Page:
Ritalin for School Children: The Teachers' Perspective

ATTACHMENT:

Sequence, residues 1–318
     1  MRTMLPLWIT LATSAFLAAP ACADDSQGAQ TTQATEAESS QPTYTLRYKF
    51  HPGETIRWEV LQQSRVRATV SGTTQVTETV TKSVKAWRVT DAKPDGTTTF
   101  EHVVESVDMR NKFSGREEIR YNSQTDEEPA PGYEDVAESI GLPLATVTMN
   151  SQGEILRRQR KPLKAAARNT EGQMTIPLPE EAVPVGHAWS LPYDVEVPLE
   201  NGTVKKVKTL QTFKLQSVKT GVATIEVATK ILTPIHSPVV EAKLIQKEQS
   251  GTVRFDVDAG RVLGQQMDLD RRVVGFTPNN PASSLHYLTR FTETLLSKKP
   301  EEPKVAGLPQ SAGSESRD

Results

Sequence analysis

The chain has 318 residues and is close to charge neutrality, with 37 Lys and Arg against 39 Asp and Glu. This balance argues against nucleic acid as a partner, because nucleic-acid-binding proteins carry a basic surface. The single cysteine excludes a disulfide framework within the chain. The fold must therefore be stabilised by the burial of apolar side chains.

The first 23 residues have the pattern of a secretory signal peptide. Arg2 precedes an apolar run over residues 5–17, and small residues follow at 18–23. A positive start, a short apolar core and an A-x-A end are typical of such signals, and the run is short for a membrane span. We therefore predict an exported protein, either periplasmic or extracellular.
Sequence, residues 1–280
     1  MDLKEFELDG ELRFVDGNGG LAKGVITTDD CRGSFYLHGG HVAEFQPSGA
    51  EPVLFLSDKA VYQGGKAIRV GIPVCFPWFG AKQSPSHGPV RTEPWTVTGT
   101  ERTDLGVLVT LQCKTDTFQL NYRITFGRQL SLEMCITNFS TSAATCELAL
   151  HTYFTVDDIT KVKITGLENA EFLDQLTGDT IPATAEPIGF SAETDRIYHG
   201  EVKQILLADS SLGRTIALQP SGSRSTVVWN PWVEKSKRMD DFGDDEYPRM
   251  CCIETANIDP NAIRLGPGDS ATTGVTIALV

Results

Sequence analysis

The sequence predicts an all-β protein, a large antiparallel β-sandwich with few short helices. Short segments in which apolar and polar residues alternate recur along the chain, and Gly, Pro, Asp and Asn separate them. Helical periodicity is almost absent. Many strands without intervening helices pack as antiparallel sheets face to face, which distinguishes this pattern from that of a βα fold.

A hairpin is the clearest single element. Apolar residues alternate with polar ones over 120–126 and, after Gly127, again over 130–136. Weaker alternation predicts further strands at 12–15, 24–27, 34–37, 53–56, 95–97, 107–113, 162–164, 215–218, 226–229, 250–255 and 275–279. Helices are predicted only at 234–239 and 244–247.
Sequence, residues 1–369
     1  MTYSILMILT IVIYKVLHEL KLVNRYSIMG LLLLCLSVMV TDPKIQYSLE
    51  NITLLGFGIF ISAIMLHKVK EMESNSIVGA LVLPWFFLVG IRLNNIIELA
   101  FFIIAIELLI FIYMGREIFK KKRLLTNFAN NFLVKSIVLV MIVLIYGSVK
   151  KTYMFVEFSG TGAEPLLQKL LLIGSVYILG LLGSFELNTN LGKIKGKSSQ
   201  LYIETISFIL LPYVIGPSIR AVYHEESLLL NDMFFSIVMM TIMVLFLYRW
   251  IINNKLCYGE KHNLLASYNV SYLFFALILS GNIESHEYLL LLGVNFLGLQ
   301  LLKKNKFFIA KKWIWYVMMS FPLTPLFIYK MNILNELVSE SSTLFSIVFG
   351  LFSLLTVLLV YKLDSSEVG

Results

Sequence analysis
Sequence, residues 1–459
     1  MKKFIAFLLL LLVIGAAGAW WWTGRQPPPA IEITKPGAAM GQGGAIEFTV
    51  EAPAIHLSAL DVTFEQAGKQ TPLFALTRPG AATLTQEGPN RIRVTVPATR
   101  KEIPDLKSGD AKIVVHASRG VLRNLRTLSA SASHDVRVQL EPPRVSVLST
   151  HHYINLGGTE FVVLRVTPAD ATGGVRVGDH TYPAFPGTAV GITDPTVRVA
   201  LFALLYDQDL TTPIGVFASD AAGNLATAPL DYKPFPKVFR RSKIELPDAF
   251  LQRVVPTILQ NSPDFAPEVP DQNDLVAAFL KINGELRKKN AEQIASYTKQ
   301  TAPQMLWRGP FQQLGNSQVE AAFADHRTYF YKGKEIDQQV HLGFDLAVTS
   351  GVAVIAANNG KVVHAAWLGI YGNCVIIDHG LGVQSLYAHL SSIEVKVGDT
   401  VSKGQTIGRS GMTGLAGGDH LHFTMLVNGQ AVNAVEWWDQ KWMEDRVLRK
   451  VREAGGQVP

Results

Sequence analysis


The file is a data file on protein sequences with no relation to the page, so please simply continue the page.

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RITALIN FOR SCHOOL CHILDREN: THE TEACHERS' PERSPECTIVE* STANLEY S. ROBIN, PH.D. Department of' Sociology, Western Michigan University JAMES J. Bosco. ED.D. Department of Teacher Education, Western Michigan University OBJECTIVES The use of psychotropic drugs has been controversial. One such drug is methylphenidate hydrocholoride (Ritalin). While there are sever- al other drugs used in the treatment of hyper- kinesis (chlorpromazine hydrochloride, dextro- amphetamine sulfate, diphenylhydantoin, etc.) Ritalin is for many physicians the drug of choice. With in the pages of popular and scholarly journals, as well as in the Committee Rooms of the United States House of Representatives, there is continuing discussion and debate of the appropriateness of the use of Ritalin for school children.'-5 During a time of great concern about the misuse of drugs and the expenditure of time and money to prevent andlor combat drug addiction, the use of Ritalin is not placidly accepted and has been the ob,ject of attack. One result of this debate has been an irregular but sometimes intense pressure upon school systems and individual teachers. The purpose of this study is to examine the attitudes and beliefs about Ritalin as well as teachers' conceptions of their role with regard to children who may be candidates for (or already taking) Ritalin. This drug is a commonly used treatment for hyperkinesis and is well known to teachers by its trade name. Therefore, it was chosen in this research as a class example of stimulants. Since the child who is being treated with Ritalin is frequently identified because of some learning abnormality, i t is obvious that the teacher may be involved in signaling the problem or providing information about the learning situation to the physician. The teacher may also be required to modify instructional patterns to be more compatible with the needs of the child. The teacher's attitudes about Ritalin may be expressed *This is a version of a paper presented at the American Educational Research Association meetings, February 1973, New Orleans, Louisiana. This research was supported by and conducted through the facilities of the Grand Rapids Public Schools-Western Michigan University Center for Educational Studies. Thanks are also given to Fredrick Margolis, M.D., for medical consultation, James Jones for research assistance, and Diane Krombeen for data management. in professional behavior which could affect the course of the medical treatment or reduce its usefulness in the school situation. Unsubstantiated by data, the charge has been made that teachers are promiscuous advocates of Ritalin use. I n this study, we addressed ourselves to these questions: ( 1 ) What information do teachers have about Ritalin'? (2) What attitude do teachers express toward Ritalin'? (3) What professional behaviors do teachers report when encountering a child with behavioral problems or one who is taking Ritalin'? We were also interested i n exploring relationships between attitudes and knowledge and other characteristics of teachers such as number of past experiences with children known by the teacher to be taking Ritalin. PROCEDURE The sub,jects for this study were 150 elementary school teachers (20 per cent sample) in the Grand Rapids Public Schools selected by systematic random sampling to participate in the study. A questionnaire developed for the study was called the Teacher's Opinion on Rittilin. The questionnaire consisted of three sections. Section One contained questions concerning the teachers' general views about education that bore upon their perception of the appropriateness of using Ritalin. Teachers' self-assessment of ability to recognize a hyperactive child and general medical philosophy were examined in this section. Section Two dealt specifically with Ritalin. The teachers' information about and attitudes toward Ri- talin were examined. Section Three concerned basic background questions about the teachers (age, grade level taught, etc.). FINDINGS The return rate for the questionnaire was 77 per cent. The sex and age distribution of the respondents were very similar to that of the population of teachers from which i t was drawn. Similarly, the distribution of the sample of teachers by number of years i n teaching did not differ from that in the school system." There is no reason to believe that our sample failed to 624 December 1973 Volume XLII l No. 10 TABLE I TABLE I1 TEACHERS' EXPERIENCE WITH AND KNOWLEDGE RELEVANT TO RITALIN (N = 114)* Item Frequency Per Cent Number of children taking Ritalin taught: 0 39 34.2 1 33 28.9 2 14 12.3 3 14 12.3 4 4 3.5 5 2 1.8 6+ 8 7.0 Has a member of your family taken (or now taking) Ritalin? Yes 3 2.6 No 109 95.6 No answer 2 1.8 Do you know what Ritalin is used for? Yes 97 85.1 No 14 12.3 No answer 3 2.6 Can you recognize an over-active child? Yes 108 95.6 No 5 4.4 *Responses on one questionnaire were incomplete; therefore, in some places N=113. represent the population of teachers in the school system. The large majority (85 per cent) reported they know what Ritalin is and for what i t is used (Table I). An even larger proportion (almost 95 per cent) reported they could recognize an over- active child. Two thirds of the teachers reported that they currently or previously had children in their classes whom they knew to be taking Ritalin. Slightly more than one half of these teachers had encountered more than one child (mostly two or three); the remainder reported one known child. The data indicated, therefore, that most teachers have some contact with the drug and that teachers believe they possess an understanding of the drug and the condition for which it is used. T h e f i rs t issue addres sed was: "What professional behaviors do teachers report when encountering a child with behavior problems or one who is taking Ritalin?" When asked what steps they take upon encountering an overactive child, the teachers' ma,jor efforts seemed to be within the school system (Table 11). A large ma.jority of the teachers specified that principals or school specialists are informed. A majority of IF YOU RECOGNIZE AN OVERACTIVE CHILD, WHAT STEPS DO YOU TAKE? (N=114) Categories Frequency Per Cent Nothing Inform family Inform principal Inform specialist Discuss with class Separate child Emphasize quiet activity Recommend contact doctor Total 1 81 87 95 16 12 30 46 368 - 1 .o 71.0 76.3 83.3 14.0 10.5 26.3 40.4 TABLE 111 FREQUENCY OF TEACHERS' EVALUATION ELICITED FOR CHILDREN ON RITALIN (N=75) Categories Frequency Per Cent* Almost always Generally Sometimes Not usually Almost never No response Total 21 28.0 16 21.3 13 17.3 6 8.0 13 17.3 - 6 8.0 75 100.0 *Tabulated for those teachers who report contact with children takinK Ritalin. the teachers also contact the parents. Forty per cent of the teachers suggest to parents that a physician be consulted. When a child is put on a Ritalin program (Table I I I ) , about two thirds of the teachers reported they are or have been asked to evaluate its effective- ness. Twenty-eight per cent reported that they have always been asked to evaluate and 39 per cent indicated that this occurs "generally" or "sometimes." Slightly over one third of the teachers made an evaluation contact with the physician. Ritalin usage in the schools, as previously noted, is not a rarity. Therefore, we asked the question: "How informed are teachers about the propert.ies of Ritalin'?" Table IV presents the responses of the teachers to posited characteristics of Ritalin. The teachers were asked to indicate whether they agreed, disagreed, or did not know if Ritalin has a series of specific properties. These findings should be viewed i n the context of the previously mentioned finding (Table I ) that 85 per cent of the teachers reported they know what Ritalin is used for. Noteworthy in this table is the The Journal of School Health 625 TABLE IV TEACHERS KNOWLEDGE OF PROPERTIES OF RITALIN* (N=ll4) Yes No Dont Know No Answer Property Frequency % Frequency % Frequency % Frequency % Is habit forming** 7 6.1 34 29.8 49 43.0 24 21.1 Has side effects? 37 32.5 I 6.1 46 40.4 24 21.1 Not needed after puberty? 16 14.0 11 9.1 61 53.5 26 22.8 Physiological action not understood? 43 31.7 9 7.9 36 31.6 26 22.8 Alters personalitya 22 19.3 44 38.6 24 21.1 24 21.1 Tranquilize& 81 71.1 6 5.3 2 1.8 25 21.9 Stimulates intelligencec 14 12.3 47 41.2 24 21.1 29 25.4 Must be taken in large doses** 4 3.5 54 47.4 31 21.2 25 21.9 Stimulates sexual behavior** 0 - 31 21.2 60 52.6 23 20.2 Attention span increasest 80 10.2 4 3.5 8 1.0 22 19.3 Impairs coordination* * 6 5.3 55 48.3 28 24.6 25 21.9 Effective for 5 hours a doset 23 20.2 I 6.1 5 1 50.0 21 23.1 Is toxic substancee 2 1.8 18 15.8 68 59.7 26 22.8 *These data were gathered primarily t o assess teachers felt state of knowledge about Ritalin. Only secondarily are we concerned with the accuracy of the teachers responses. The authors responses to these properties are indicated as the following: f True **False aThe drug can produce behavioral changes (See Eisenberg,= 1972, for a description of the effect of the drug on behavior). Whether this constitutes a personality change depends on the definition of personality. bRitalin is not classified pharmacologically as a tranquilizer. However, it can have a calming effect upon the behavior of children. d While the physiological action of the drugs are not directly comparable, our medical consultants agree that, on balance, this is probably the case. Less dangerous than aspirind 2 1.8 33 28.9 55 48.3 24 21.1 While the drug is not a smart pill, the modification of behavior which can result can lead to increased performance. toxicity ofRitalin in usually urescribed dosaae is minimal. proportion of dont know responses which ranged from 1.8 per cent to 60 per cent. Most items received 30 per cent to 40 per cent dont know responses. I n add i t ion , however, approximately 20 per cent to 25 per cent of the respondents failed to respond to each item. This large proportion of no responses is most reasonably interpreted as dont know. If the responses are interpreted as dont know, then 25 per cent to 75 per cent of the teachers responding did not know whether the specified properties of Ritalin were indeed present; the majority of the properties of Ritalin were responded to in the dont know and no answer categories by over 50 per cent of the sample. Substantive responses to these items, while frequently comprising less than 50 per cent of the responses, are of interest. Six per cent of the respondents, or 17 per cent of those responding substantively, thought Ritalin was habit-forming. Similarly, of those responding yes or no 14 per cent disagreed that it was not needed after puberty, 71 per cent agreed i t tranquilized, and 12 per cent thought it stimulated intelligence. These 626 substantive responses, in combination with the large proportion of dont know and no answers, lead to a questioning of the extent of understanding about Ritalin in this population of teachers. Finally, and of extreme importance to the assertions made in the debate about Ritalin, is the question: What attitudes do teachers express toward Ritalin and their role vis-u-vis the drug? Table V reports teachers feelings about their role in the use of Ritalin. One third of the teachers confined their involvement to being informed only. Slightly more than one third felt teachers should participate more actively by identifying students who may need Ritalin. The more extreme views of total involvement or total control were not endorsed by the teachers. It should be noted, also, that 16 per cent of the teachers did not respond to this item. Table VI deals directly with the teachers attitude toward the use of Ritalin for children under a physicians supervision. None of the teachers agreed with the most positive evaluation of Ritalin; less than 2 per cent selected the most negative. Most of the teachers who responded December 1973 Volume XLIII No. 10 TABLE V TEACHERS PERCEPTION OF THEIR ROLE IN USE OF RITALIN (N=114) TABLE VI TEACHERS FEELINGS ABOUT USE OF RITALIN IN=114) Agreement Role Frequency Per Cent Feeling Teacher should not be involved Teacher only informed Teacher help identify students Teacher should determine need Teacher should distribute Ritalin Others No answer Total in need 1 38 40 2 1 14 114 18 1 .o 33.3 35.1 1.8 1.0 12.3 15.8 100.0 Agreement Frequency Per Cent Use not justified 2 1.8 Is used too freely 13 11.4 Has limited use 4 1 41.2 Has resulted in fine gains 34 29.8 Resulted in new lives 0 No answer - 18 15.8 Total 114 100.0 - TABLE VII TEACHERS ATTITUDE TOWARD RITALIN BY FREQUENCY OF EVALUATION ELICITED FOR CHILDREN ON RITALIN* (N=116) Use Not Justified or Has Resulted in No Used Too Freely Limited Use Fine Gains Answer Frequency of Elicited Evaluation Frequency % Frequency % Frequency % Frequency % Almost always to sometimes 2 4.0 24 48.0 21 42.0 3 6.0 Not usually to almost never 6 28.6 8 38.1 4 19.1 3 14.3 No answer I 15.6 15 33.3 9 20.0 14 31.1 *x2=33.39; p that with increased exposure to children taking Ritalin and with more positive attitudes toward Ritalin there was no consistent o r systematic decrease in the proportion of dont know o r proportion of the correct attribution of properties to Ritalin. Put another way, experience with Ritalin and endorsement of its use are not associated with knowledge about the drug. CONCLUSIONS AND IMPLICATIONS Overall, the attitudes of teachers toward the use of Ritalin are cautiously favorable. These seems to be no strong opposition to Ritalin from practicing teachers. While it is not uncommon for a teacher to have direct experience with a pupil on a Ritalin regime, it is uncommon for teachers to have specific and accurate information about the characteristics of the drug. Further, knowledge of he drug does not increase with an increase in experience o r an increase in favorable attitude toward the drug. Since the use of Ritalin is so closely connected with the classroom performance of the child, the necessity for the teacher to understand it is clear. The educationally salient properties of Ritalin can be explained through the normal use of in-ser- vice training. School systems might use published materials to acquaint teachers with the properties and uses of Ritalin. Colleges of education should make instruction about behavior modification drugs such as Ritalin a routine part of their curriculum. A clear distinction between indoctrination and information needs t o be made. Physicians prescribe Ritalin and teachers d o have children on Ritalin in their classrooms. Recommending that teachers be as knowledgeable as possible is not an endorsement of Ritalin. I t seems clear that the welfare of the child who is taking o r who is a candidate for Ritalin requires closer coordination of the medical and teaching profession, Although the l i terature recommends close interaction between teacher and physician, such interaction is not usual. Forty per cent of the teachers reported that they recommend consul ta t ion with a physician for children who appear hyperactive; only 15 per cent of the teachers, however. reported that physicians request evaluation from them concern ing ch i ldren who have been prescr ibed Ri ta l in . D i rec t communica t ion between physician and teacher is infrequent. Teachers should be encouraged to work in cooperation with physicians and the physicians should make greater use of the teacher, since teachers can perform a unique function in the evaluation of the success of the treatment.? Teachers are equally divided between a passive role, an active and cooperative role, and m i s c e l l a n e o u s a n d u n c e r t a i n r e s p o n s e s . Considering the disparate beliefs and professional behaviors of teachers, the question could be posed: Is individual decision-making on the part of the teacher adequate for the welfare of children who a r e o r will be taking R i t a l in? T h e uncertainties of the teachers underline the complexities of the problem. Superintendents are faced with political pressures, teachers are divided with regard to their professional role, physicians will continue to prescribe Ritalin and similar drugs, and society will both endorse and condemn the use of Ritalin for children. This calls for no less than a school system-wide involvement in the formation of coherent educational perspec- tives in the use of Ritalin and other behavior modification drugs. 1. 2. 3. 4. 5 . 6. 7. 8. REFERENCES Charles A F Drugs for hyperactive children: the case of Ritalin. The New Republic (Oct 23) 1971, Vinnedge H: Politicians who would practice medicine: drugs for children. The New Republic (Mar 13) 1971, pp 13-15. Witter C: Drugging and schooling. Transaction Ladd ET: Pills for classroom peace. Saturday Review 53:66-68 (Nov 21) 1970. Schmitt BD: Responsibility for school problems: an objection to pediatric globalism. Pediatrics 44:771- 773 (Nov) 1969. Jones JD (ed): Profile of the Grand Rapids Schools. Western Michigan University Center for Educational Studies, Grand Rapids Public Schools, 1971. Oettinger L Jr: Learning disorders and the use of drugs in children. Rehabilitation Literature 32:162-167, 170 (Jun) 1971. Eisenberg L: The clinical use of stimulant drugs in children. Pediatrics 49:709-715 (May) 1972. pp 17-19. 8~30-34 (JUVAUg) 1971. BIBLIOGRAPHY Knobel M: Psychopharmacology for the hyperkinetic child. Arch Gen Psych 6:1.98-202 (Jan-Jun) 1962. Debate on drugging for classroom control. Nations Schools 39:88 (Jul) 1971. Report of the Conference on the Use of Stimulant Drugs in the Treatment of Behaviorally Disturbed Young School Children. Washington: Office of Child Development and the Office of the Assistant Secretary for Health and Scientific Affairs, USDHEW, Jan 1971. ?Some clinical observation indicates that the hyperkinetic child is often misleadingly quiescent in a one-to-one medical interaction with a physician? 628 December 1973 Volume XLIII No. I0